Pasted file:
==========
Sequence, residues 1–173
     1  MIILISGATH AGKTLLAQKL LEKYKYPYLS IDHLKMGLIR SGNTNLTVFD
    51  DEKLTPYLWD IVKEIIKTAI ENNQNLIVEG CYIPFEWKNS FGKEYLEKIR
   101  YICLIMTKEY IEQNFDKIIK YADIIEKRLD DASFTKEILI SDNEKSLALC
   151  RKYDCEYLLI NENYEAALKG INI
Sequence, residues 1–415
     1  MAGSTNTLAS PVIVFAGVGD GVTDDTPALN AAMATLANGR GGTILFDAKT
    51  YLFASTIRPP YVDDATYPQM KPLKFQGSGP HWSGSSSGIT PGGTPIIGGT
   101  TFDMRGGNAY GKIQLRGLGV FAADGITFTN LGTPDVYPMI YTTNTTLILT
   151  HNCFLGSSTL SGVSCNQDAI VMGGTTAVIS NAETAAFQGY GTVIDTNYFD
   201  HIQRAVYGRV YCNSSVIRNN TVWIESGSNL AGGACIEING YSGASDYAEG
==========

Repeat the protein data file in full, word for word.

Sequence, residues 1–173
     1  MIILISGATH AGKTLLAQKL LEKYKYPYLS IDHLKMGLIR SGNTNLTVFD
    51  DEKLTPYLWD IVKEIIKTAI ENNQNLIVEG CYIPFEWKNS FGKEYLEKIR
   101  YICLIMTKEY IEQNFDKIIK YADIIEKRLD DASFTKEILI SDNEKSLALC
   151  RKYDCEYLLI NENYEAALKG INI
Sequence, residues 1–415
     1  MAGSTNTLAS PVIVFAGVGD GVTDDTPALN AAMATLANGR GGTILFDAKT
    51  YLFASTIRPP YVDDATYPQM KPLKFQGSGP HWSGSSSGIT PGGTPIIGGT
   101  TFDMRGGNAY GKIQLRGLGV FAADGITFTN LGTPDVYPMI YTTNTTLILT
   151  HNCFLGSSTL SGVSCNQDAI VMGGTTAVIS NAETAAFQGY GTVIDTNYFD
   201  HIQRAVYGRV YCNSSVIRNN TVWIESGSNL AGGACIEING YSGASDYAEG